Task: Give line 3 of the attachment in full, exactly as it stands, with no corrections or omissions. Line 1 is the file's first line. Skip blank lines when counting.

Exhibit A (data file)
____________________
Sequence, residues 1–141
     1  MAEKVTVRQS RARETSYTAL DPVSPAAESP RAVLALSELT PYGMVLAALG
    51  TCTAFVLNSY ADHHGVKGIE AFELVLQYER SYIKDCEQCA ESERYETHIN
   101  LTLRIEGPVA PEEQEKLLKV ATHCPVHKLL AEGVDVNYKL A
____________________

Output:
    51  TCTAFVLNSY ADHHGVKGIE AFELVLQYER SYIKDCEQCA ESERYETHIN